Eventually the resistance put up by the enemy was torn to pieces; the Arakan army was caught unaware. They could in no way face the soldiers of Rai Kachak. Some however managed to escape. The Tripura army was finally victorious and triumphantly cried out “Victory to the goddess of the hills!” This success was achieved at the place called Rasanga in Chottogram; where the temple on the hill stood. Rai Kachak was bestowed with the tittle “Rasanga mardan Narayan” – The Victor of Rasanga.

Next morning, Rai Kachak marched towards the Capital of Arakan. Seeing the strength of the Tripura army the king of Arakan sent a messenger to Rai Kachak. It was with a request for calling off the invasion and declaring truce. Rai Kachak demanded that Rasanga be handed over to Tripura, as a tribute to his king Dhanya Manikya. The king of Arakan accepted these terms and signed a treaty the next day. The prisoners of war from both sides were released. In this way the temple of the goddess on the hill came within the boundaries of Tripura.

Now, nothing could stop Rai Kachak from keeping his word. He remembered the promise he had made to the Mother Goddess, on the night of his victory. He ordered his men to prepare for a grand puja in honor of the goddess. There was much fanfare and celebration in the precincts of the temple. After spending a few days there, Rai Kachak appointed a trusted aide as the administrator of Rasanga and made arrangements to travel back to his capital Ragamati in Tripura.

Dhanya Manikya listened to his general’s account of the incidents that took place in the Arakans, with rapt attention. Rai Kachak also told him of another temple in the Arakans dedicated to the goddess Chotteshwari which was popular with the people. The temple that he had visited was somewhat unknown hence, not many devotees went there. In the sanctum sanctorum of this temple there was an idol of a goddess with four arms. The king was now sure that he had dreamt of the goddess in this temple, which was on a hill at Rasanga. After Rai Kachak completed his account, he knew that it was with the blessing of this goddess that the war had been won by Tripura.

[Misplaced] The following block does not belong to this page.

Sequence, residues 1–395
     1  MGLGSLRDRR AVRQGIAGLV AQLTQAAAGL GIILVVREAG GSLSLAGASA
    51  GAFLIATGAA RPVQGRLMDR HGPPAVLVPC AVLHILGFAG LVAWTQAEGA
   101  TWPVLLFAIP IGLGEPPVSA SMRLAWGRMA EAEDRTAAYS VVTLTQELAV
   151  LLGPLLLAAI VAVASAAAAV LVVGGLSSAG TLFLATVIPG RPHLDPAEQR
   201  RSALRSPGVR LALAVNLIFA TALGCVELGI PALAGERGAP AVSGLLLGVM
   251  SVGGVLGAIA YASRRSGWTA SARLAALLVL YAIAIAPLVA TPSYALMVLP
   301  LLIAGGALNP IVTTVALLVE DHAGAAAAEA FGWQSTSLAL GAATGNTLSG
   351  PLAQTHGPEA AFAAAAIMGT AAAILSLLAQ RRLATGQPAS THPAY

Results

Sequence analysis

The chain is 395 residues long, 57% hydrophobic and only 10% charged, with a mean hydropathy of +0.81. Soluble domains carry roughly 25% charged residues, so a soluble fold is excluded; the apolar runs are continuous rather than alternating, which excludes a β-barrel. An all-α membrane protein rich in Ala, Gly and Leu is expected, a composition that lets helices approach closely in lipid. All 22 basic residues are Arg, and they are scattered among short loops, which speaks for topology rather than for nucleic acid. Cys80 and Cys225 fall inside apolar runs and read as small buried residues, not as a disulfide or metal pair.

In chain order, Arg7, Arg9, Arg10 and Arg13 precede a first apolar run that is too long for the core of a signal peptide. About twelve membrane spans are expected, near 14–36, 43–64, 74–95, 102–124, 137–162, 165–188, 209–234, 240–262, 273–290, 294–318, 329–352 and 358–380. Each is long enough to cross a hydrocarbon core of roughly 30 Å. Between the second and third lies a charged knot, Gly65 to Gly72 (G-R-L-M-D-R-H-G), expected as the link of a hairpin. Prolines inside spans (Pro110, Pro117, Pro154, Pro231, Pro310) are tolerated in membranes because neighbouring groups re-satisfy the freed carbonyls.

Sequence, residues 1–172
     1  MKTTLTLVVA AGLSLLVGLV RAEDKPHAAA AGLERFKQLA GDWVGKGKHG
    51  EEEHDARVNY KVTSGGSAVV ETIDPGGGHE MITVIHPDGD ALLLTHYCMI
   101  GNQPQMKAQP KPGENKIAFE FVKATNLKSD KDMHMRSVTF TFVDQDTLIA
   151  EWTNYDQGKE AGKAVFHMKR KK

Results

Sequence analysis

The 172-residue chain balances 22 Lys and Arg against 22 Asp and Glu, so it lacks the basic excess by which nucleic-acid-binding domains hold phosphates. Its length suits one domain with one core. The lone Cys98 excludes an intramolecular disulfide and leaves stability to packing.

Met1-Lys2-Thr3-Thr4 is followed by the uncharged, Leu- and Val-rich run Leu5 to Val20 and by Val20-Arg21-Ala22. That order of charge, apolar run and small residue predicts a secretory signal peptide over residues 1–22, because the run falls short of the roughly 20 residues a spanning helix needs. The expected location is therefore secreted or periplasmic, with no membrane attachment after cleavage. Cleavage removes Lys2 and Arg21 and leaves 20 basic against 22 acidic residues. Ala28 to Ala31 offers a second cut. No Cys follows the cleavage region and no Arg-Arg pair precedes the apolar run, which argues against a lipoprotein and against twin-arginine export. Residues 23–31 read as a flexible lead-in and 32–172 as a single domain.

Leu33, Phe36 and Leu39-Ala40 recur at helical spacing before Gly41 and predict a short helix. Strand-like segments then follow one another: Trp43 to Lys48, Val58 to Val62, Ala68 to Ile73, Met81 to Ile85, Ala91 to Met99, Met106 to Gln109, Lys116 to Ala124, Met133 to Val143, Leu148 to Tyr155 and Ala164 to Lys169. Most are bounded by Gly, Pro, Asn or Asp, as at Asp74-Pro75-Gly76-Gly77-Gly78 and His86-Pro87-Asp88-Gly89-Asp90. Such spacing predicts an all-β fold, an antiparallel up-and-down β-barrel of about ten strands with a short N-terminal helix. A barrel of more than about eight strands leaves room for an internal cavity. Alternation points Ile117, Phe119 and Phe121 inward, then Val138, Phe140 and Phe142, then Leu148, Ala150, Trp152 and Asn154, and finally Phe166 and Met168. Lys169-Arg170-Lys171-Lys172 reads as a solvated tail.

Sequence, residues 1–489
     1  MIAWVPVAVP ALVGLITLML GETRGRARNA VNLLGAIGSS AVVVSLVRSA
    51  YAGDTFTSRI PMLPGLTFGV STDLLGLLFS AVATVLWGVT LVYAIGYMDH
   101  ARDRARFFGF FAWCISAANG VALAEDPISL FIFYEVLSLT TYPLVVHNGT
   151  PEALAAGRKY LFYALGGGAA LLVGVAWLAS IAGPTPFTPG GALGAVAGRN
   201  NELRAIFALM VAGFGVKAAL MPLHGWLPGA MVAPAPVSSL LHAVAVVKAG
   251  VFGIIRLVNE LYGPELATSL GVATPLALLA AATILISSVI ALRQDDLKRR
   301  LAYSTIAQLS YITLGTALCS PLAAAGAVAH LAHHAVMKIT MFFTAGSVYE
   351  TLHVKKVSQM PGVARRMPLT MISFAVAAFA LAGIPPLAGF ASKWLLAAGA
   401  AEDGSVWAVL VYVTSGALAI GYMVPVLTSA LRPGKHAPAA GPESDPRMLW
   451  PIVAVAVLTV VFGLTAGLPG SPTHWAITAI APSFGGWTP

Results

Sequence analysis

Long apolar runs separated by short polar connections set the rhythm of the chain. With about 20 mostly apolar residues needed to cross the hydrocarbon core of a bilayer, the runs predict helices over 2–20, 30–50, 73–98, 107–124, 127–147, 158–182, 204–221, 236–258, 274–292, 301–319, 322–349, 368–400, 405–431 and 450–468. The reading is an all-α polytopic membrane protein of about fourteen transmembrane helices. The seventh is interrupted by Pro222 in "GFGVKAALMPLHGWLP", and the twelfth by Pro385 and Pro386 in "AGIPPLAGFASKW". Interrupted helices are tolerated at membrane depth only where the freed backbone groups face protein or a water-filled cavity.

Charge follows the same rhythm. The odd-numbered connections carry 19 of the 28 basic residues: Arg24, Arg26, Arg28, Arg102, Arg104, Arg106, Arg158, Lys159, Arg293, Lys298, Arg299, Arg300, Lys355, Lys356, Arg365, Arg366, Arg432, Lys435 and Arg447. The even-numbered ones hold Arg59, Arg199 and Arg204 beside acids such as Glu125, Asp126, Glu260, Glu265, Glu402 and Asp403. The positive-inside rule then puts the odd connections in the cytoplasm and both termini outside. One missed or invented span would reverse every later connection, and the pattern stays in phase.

He ordered Rai Kachak to bring the goddess to Rangamati; his capital. He explained that in his dream the divine mother had instructed that she must be brought into the kingdom in one day and wherever night fell that would be the place for her temple to be constructed. Early next morning, Rai Kachak along with the Chantai (Royal Priest) and soldiers set out for the temple. The king’s personal elephant bedecked with ornaments was taken along to bring the divine mother to Tripura.

Once they reached the temple, Rai Kachak bowed before the goddess and sought her blessings and her permission to take her to the capital of Tripura. He also informed the king of the Arakans of his mission.

In Rangamati (the old name of now Udaipur)there was a lot of commotion; Dhanya Manikya was getting impatient to see the goddess. His queens were all lined up to welcome the divine mother. Pundits were called in to decide an appropriate place to install the goddess, who was on her way to the capital.

The procession led by the elephant carrying the goddess reached Chandrapur a few kilometers from Rangamati. The sun had set and the elephant refused to move any further. It stood stubbornly on a small hillock, which resembled the back of a tortoise. In spite of all his efforts Rai Kachak was unable to take her to the capital, as per his King’s instructions. The will of the divine mother was always greater than that of any king. Dhanya Manikya knew that it was the wish of the goddess to be installed there. He had no option but to obey her command.